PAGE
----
A decade or two follow-up would be pretty interesting, I think. Will Zayner trade in his (punk?) Wu-Tang Clan T-shirt for a Jim Morrison or Justin Beiber one? What is 'Michael' like?? Is it possible to scientifically disentangle the 'placebo-effect' when the 'best-practice' guidelines probably involve seeking cohabitational or familial donors???

The best tidbit of information I gleaned from this article is the assumed fact that the Argonne National Laboratory will sequence genome samples for anyone at a price under $60USD!!

WaelMay 5, 2016 2:25 AM

@somebody_else,

but you hooked me stink-line-and-sinker...

Good! Better than swallowing it hook, line, and stinker ;)

Argonne National Laboratory will sequence genome samples for anyone at a price under $60USD!!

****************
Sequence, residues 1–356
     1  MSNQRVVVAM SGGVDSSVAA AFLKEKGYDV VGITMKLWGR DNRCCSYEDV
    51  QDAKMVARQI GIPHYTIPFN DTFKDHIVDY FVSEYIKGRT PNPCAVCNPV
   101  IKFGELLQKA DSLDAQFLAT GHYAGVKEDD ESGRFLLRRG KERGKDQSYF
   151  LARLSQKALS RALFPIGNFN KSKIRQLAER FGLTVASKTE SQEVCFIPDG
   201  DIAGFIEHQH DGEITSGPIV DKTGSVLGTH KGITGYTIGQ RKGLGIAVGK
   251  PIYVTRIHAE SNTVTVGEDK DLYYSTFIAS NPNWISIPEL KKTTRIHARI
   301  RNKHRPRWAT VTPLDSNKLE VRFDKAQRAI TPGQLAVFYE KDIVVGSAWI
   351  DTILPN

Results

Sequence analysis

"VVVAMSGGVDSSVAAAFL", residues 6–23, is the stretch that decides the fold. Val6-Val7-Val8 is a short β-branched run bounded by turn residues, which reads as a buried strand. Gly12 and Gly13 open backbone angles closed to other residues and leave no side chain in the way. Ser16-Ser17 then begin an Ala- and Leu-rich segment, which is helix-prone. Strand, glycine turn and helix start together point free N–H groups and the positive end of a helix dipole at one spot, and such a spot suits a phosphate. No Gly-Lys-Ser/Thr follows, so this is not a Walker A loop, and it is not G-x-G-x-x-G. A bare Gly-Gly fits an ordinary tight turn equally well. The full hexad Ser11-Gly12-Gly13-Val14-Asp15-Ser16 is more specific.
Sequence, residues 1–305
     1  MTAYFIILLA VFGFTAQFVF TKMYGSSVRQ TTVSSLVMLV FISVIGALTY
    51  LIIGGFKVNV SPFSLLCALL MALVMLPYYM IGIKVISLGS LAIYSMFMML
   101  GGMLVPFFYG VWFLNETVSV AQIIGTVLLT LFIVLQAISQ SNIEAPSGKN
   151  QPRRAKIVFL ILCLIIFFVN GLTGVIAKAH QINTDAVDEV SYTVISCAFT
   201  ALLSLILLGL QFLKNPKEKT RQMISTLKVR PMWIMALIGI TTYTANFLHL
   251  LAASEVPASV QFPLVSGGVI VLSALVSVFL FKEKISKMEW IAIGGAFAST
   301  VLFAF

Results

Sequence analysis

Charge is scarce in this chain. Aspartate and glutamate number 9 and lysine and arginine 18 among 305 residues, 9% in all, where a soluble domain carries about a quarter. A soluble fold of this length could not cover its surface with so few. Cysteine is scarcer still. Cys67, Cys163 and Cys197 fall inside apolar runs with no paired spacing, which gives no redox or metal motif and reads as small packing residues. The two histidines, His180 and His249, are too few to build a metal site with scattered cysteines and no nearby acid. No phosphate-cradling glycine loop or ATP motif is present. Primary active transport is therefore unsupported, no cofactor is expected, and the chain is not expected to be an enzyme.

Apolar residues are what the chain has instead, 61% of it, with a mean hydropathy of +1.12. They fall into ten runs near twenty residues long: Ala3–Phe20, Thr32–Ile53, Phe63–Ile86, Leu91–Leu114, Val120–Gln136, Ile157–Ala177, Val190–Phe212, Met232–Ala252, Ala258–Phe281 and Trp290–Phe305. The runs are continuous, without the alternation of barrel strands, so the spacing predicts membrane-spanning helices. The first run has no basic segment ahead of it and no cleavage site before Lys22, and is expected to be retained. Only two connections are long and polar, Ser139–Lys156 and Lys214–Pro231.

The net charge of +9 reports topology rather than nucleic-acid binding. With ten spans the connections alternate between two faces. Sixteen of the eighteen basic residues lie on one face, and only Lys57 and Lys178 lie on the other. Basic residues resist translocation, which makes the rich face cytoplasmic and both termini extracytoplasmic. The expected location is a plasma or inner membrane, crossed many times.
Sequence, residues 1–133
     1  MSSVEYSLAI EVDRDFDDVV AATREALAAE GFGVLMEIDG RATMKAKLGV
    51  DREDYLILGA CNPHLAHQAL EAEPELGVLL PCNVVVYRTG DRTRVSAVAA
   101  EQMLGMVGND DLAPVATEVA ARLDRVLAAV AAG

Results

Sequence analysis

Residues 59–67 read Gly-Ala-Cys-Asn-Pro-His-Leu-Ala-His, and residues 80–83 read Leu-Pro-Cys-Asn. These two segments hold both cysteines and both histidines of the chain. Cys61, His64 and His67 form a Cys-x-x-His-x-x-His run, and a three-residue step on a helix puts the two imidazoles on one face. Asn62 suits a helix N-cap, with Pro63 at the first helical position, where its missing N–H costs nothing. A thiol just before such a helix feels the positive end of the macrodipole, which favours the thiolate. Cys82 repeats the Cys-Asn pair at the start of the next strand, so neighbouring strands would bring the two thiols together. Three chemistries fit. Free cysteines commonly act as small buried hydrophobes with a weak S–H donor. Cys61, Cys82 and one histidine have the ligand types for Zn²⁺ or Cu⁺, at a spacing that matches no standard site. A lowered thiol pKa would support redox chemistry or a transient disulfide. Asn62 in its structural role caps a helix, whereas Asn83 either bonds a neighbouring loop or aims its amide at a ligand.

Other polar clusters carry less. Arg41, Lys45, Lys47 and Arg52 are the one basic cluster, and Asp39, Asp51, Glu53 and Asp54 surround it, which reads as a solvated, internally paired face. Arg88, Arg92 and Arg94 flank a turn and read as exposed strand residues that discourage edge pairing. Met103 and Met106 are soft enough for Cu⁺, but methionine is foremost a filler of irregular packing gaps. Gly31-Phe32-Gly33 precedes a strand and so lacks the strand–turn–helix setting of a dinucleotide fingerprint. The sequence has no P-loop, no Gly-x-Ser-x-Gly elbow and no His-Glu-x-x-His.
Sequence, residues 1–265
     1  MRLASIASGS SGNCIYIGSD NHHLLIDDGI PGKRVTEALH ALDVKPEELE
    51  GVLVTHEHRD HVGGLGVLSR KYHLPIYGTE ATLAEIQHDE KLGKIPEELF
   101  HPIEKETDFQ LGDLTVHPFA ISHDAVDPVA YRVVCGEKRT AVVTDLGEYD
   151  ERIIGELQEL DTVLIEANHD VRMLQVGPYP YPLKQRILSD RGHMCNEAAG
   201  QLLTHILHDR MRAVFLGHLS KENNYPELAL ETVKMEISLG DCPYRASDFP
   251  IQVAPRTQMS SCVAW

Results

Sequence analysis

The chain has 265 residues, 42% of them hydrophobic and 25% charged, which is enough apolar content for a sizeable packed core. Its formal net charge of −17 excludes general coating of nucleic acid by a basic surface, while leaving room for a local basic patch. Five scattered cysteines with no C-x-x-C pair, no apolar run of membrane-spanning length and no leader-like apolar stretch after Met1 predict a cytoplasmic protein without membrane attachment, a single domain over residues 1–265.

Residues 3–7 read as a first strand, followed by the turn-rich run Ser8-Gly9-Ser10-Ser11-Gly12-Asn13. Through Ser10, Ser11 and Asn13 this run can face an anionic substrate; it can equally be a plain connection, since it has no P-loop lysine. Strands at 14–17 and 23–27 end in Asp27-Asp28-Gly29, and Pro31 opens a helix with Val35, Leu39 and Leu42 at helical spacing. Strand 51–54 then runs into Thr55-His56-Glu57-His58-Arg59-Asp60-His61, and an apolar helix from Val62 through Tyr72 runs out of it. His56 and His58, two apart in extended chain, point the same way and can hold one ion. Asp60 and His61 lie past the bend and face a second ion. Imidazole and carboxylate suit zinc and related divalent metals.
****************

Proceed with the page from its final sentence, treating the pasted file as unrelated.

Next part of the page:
Save your money! It'll be free public information before you know it. Patience my friend, patience. Or you can visit Kuwait, they'll do it for free! Kuwait, by the way, had the best chocolate cake (gâteau, actually) that I ever had in my life. Nothing in the US, Europe, or Asia came close.

tyrMay 5, 2016 3:51 AM


That gives new meaning to two factor biometric
authentications. With a comp record of your diet
for the appropriate proceeding period, all you
have to do is present a stool sample to authenticate
the youness of your stool biometric. while gaining
access to your authentication port becomes a lot
more difficult in practice for those who aren't
cleared by you.

Nick PMay 5, 2016 9:48 AM

@ Wael

"Why don't you help my memory with a link to this atrocious subject matter? "

Oh yeah, so you can merge the shittiest discussions on the blog into one huge, cross-linked pile. I think not.

"I don't usually enjoy the long-form fluff pieces like this, but you hooked me stink-line-and-sinker with the refined skill that's usually reserved for semi-professional fishing boats! ;-)"